Revolving Lines of Credit: A Credit Score Q&A
If you’ve just started building your credit, it may feel like a catch-22: It’s tough to get credit without already having a good score, and you can’t get a good score without showing that you can handle credit.
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How do you deal with this conundrum? You start slowly, just like everyone else. There are two major types of loans: revolving lines of credit and installment loans. While both types are reflected in your FICO® Credit Score, you don’t have to obtain both types of loans in order to build a healthy credit history.
What’s the difference between revolving lines of credit and installment loans?
A revolving line of credit is a loan where credit is always available; you can keep borrowing on the condition that you’ve been repaying the debt according to the agreement you have with the creditor. A credit card is a classic example of a revolving line of credit.
Installment loans are not open-ended. You borrow money once and repay the principal and interest up until the point when the debt is completely paid off. Mortgages and auto loans are the most common examples of installment loans.
Is ‘Credit Mix” a key factor in my FICO® Credit Score?
While the FICO® Credit Score does take into account what kinds of loans you have under the category “Credit Mix,” this has a minimal bearing on your overall credit score. Ideally, you would be able to demonstrate how you can handle both types of loans, but, as you can see from the chart below, “Credit Mix” typically accounts for 10% of your score.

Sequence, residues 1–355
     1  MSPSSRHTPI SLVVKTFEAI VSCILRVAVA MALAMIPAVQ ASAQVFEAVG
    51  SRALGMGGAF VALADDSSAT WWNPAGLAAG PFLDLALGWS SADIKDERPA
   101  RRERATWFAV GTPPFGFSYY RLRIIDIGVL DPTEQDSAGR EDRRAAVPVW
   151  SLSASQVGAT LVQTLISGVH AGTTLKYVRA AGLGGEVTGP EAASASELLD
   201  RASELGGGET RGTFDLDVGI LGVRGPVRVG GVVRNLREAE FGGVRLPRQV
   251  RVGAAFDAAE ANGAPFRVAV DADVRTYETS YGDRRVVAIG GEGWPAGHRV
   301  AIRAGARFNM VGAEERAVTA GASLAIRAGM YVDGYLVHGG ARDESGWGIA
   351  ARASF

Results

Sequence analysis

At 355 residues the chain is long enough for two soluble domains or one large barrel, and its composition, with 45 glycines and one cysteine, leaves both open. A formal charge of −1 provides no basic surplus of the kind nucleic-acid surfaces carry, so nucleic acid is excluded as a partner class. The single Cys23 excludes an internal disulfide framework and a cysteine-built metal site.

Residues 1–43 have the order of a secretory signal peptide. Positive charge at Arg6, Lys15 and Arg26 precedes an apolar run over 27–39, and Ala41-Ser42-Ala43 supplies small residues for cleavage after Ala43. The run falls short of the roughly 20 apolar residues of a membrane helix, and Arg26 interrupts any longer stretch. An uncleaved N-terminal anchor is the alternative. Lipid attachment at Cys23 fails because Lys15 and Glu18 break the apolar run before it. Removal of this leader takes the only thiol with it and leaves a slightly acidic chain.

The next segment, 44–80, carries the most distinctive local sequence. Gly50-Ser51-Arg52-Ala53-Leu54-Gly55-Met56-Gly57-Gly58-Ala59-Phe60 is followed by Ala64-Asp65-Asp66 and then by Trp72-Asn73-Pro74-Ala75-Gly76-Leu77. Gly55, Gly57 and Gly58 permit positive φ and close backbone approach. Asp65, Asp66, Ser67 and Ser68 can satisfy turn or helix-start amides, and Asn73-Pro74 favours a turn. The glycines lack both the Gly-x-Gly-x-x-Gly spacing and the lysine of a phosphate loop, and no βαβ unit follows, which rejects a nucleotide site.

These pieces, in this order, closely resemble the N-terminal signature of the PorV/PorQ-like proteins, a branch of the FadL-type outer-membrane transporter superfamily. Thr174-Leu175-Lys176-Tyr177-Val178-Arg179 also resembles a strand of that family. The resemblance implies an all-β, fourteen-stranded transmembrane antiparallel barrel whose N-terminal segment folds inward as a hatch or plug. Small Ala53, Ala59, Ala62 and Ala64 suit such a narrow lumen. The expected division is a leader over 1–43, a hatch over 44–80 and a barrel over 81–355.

Two other components usually make up the majority of your FICO® Credit Score: your “Payment History” and “Amounts Owed.” Getting a credit card can have a positive effect on your credit score so long as you handle it responsibly.
Note: The chart above illustrates how significant each of these categories are and how they impact FICO® Scores for the general population.
Why not build credit with an installment loan instead of a credit card?
It’s a possibility, but there are a couple of hurdles. Getting an installment loan is more difficult in most cases, and it’s never free. A credit card, on the other hand, can be completely free if you choose a no-annual-fee card and pay it off every month. In addition, credit cards may offer added protection benefits and pay you cash back or other rewards.
Is one credit card enough to build credit?
A credit card, or rather your responsible handling of your finances, can help build a good score, but having only one credit card could be problematic. If you check the chart above, you will see that the second most important FICO® Score component, “Amounts Owed,” typically makes up 30% of your overall score. This component addresses your debt-to-credit ratio, or utilization rate. So if have only one card and use a lot of your credit, your score may be affected.
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How many credit cards do I need to build my credit?
The answer depends on your credit utilization and how much credit you need, so consider the ratio of how much you spend compared to how much credit is available to you on your card, or cards. Remember that you shouldn’t use all your available credit — just let it help you build up and maintain your score.